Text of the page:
Aya Osman is a young woman who has shown incredible courage and determination in her life. She has fought and survived cancer, graduated from high school with a 4.7 GPA, and earned a scholarship to study at New York University, where she plans to become a neurologist.
Aya’s journey began when she was 12 years old and her older sister spotted a lump on her neck. She went to the doctor and found out that she had cancer. She had to go through six months of chemotherapy, which was tough and scary.
But Aya did not let cancer bring her down. She loved playing the piano and she used it as a way to cope with her situation. She also stayed on top of her schoolwork with the help of her mother, who brought her a laptop to the hospital every day.
“I’m pretty good at making situations lighthearted so I was cracking jokes here and there,” Aya said in an interview with Action News Jax.
Aya has been in remission for two years now, and she has graduated Summa Cum Laude from Ridgeview High School in Orange Park, Florida. She was involved in many clubs and activities, such as Beta Club, Mu Alpha Theta, Science Honor Society, debate, multicultural club, earth club, college readiness, Future Business leaders of America, academic team, senior board, soccer and track.
Aya has always had a passion for science and the human body, and she knew since she was 12 that she wanted to be a neurologist. She said that she was inspired by watching documentaries about the brain and reading books by Oliver Sacks, a famous neurologist and author.
“I think the brain is the most complex organ in the body and it’s responsible for everything we do, so I want to learn more about it and help people who have neurological disorders,” Aya said.
Aya received a scholarship to study at New York University from the Tom Coughlin Jay Fund Foundation, a non-profit organization that helps families tackle childhood cancer with financial, emotional and practical support. The Jay Fund was founded by Tom Coughlin, a former NFL coach who lost one of his players, Jay McGillis, to leukemia. The Jay Fund has helped over 5,600 families and given away over $20 million in grants since 1996.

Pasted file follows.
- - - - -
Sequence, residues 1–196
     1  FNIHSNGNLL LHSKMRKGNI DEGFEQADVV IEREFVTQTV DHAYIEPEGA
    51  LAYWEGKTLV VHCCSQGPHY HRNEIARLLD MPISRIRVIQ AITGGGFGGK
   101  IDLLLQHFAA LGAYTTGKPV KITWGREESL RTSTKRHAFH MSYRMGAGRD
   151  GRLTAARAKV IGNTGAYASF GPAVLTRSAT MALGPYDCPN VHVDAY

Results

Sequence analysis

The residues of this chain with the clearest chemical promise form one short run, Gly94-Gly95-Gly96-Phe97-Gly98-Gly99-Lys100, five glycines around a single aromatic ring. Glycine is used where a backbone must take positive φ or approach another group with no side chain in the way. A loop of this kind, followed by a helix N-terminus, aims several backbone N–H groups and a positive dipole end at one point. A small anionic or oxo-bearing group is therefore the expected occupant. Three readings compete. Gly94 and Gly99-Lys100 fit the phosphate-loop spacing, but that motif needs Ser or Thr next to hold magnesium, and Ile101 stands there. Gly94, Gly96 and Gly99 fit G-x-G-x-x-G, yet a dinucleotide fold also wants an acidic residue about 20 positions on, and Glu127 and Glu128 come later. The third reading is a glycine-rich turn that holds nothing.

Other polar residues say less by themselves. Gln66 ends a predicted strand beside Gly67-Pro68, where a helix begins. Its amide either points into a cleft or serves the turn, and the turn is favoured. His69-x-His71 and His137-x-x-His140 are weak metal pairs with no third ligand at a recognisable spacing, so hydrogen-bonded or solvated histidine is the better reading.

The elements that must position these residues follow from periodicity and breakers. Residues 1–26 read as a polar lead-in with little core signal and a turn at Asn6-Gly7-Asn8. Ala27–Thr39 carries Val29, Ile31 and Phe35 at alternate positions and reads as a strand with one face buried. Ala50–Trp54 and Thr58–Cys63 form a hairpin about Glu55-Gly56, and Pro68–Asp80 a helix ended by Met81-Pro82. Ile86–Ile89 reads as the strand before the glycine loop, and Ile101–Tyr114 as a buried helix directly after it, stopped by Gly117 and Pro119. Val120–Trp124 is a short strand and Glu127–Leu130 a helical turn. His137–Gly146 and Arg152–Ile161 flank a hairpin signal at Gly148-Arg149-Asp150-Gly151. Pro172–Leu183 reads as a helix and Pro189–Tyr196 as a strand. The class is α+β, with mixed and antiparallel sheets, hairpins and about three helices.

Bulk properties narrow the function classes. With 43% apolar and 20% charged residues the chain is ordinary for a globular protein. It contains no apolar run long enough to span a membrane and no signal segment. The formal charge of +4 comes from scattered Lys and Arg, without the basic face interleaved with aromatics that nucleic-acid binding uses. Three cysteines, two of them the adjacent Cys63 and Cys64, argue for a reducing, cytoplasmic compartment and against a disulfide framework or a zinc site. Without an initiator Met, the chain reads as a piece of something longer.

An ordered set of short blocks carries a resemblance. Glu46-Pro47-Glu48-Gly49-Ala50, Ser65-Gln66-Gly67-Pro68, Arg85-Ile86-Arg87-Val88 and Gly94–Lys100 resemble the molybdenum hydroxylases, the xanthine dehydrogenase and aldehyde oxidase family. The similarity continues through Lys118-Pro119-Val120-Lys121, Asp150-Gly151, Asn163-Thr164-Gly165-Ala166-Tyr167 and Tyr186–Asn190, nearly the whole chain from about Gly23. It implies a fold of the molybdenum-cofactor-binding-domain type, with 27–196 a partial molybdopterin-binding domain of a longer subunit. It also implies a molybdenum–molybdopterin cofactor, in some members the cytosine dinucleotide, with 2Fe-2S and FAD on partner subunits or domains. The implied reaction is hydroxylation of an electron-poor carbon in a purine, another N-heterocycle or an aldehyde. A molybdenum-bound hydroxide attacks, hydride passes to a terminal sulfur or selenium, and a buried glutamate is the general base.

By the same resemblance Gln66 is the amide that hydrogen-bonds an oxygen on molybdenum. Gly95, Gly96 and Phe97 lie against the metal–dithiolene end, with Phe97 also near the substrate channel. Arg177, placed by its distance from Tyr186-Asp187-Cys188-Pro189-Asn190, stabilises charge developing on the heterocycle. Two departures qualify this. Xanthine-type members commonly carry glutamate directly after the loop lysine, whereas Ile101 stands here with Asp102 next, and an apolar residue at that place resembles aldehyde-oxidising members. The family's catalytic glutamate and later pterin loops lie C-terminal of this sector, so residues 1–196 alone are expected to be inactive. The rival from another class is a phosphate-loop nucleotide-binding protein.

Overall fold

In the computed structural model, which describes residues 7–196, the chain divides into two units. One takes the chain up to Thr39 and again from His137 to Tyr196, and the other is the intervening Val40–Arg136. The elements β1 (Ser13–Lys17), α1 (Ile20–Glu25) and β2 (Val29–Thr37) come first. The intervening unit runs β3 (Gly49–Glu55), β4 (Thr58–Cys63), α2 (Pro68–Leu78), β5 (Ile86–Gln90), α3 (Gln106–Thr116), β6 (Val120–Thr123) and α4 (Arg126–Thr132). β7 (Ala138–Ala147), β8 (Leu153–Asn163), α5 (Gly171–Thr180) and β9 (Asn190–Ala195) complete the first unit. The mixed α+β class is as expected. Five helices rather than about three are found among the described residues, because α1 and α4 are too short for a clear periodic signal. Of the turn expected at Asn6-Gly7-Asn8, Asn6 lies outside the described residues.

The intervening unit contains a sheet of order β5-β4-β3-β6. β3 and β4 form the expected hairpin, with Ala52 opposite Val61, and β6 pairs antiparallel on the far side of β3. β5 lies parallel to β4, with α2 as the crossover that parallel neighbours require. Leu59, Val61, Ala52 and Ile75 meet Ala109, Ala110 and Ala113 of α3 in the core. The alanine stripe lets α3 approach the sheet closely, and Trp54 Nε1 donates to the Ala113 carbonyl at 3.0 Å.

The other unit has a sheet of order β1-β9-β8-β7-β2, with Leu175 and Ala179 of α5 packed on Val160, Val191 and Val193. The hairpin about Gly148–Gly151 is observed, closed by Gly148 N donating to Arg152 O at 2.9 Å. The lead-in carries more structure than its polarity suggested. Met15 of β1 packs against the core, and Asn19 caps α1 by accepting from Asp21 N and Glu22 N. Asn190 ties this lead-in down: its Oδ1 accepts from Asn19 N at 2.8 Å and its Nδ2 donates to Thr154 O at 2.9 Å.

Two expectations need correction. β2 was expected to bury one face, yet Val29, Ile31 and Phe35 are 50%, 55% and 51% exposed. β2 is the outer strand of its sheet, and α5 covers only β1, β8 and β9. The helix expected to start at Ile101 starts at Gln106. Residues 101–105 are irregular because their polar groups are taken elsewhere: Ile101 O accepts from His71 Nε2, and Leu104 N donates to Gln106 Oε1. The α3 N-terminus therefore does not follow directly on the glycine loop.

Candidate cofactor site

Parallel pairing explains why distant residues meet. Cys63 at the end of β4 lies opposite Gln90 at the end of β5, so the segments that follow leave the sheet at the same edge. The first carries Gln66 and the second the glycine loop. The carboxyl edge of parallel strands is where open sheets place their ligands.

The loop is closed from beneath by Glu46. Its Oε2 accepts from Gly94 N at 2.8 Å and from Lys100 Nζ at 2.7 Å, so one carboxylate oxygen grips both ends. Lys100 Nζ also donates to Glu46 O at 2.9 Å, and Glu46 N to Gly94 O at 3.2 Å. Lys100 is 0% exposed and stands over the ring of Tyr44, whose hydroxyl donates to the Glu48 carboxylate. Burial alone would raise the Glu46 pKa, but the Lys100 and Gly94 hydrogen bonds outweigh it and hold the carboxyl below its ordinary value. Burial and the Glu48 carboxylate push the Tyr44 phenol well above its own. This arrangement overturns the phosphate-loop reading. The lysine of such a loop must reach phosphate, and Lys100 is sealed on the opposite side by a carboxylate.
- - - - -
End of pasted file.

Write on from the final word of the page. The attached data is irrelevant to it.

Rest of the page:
Aya is one of the many faces of black excellence who deserve to be celebrated for their resilience, determination and achievements. She is an inspiration to many young people who are facing challenges or pursuing their dreams.
“I want to tell them to never give up on their goals and to always have faith in themselves,” Aya said. “Anything is possible if you work hard and believe in yourself.”
Aya is a true fighter and deserves all the celebrations and praises. Another lady doing the magic is Alanka Babb. She was born with macular dystrophy, a rare eye condition that causes progressive vision loss and cannot be cured or corrected. She grew up in one of the poorest neighborhoods in Guyana, where education was not a priority and disability support was nonexistent. She struggled to see the blackboard and read books, but she never gave up on her dreams.
She taught herself how to read at 13 by borrowing books from the library and falling in love with reading. She graduated from college in Guyana without any accommodations for her visual impairment. She moved to the US in 2015 to pursue a master’s degree in counseling education, where she learned about the Americans with Disabilities Act and received the support she needed to thrive academically.
She completed her master’s degree in 2019 and enrolled in a PhD program in education at Liberty University in 2020. She successfully defended her dissertation in 2022, becoming one of the few visually impaired people to earn a PhD in the US. Her research focused on the experiences of students with disabilities in higher education. Continue reading about Alanka here.
Alanka and Aya are super heroes. Absolute warriors and go-getters. Keep going higher and higher.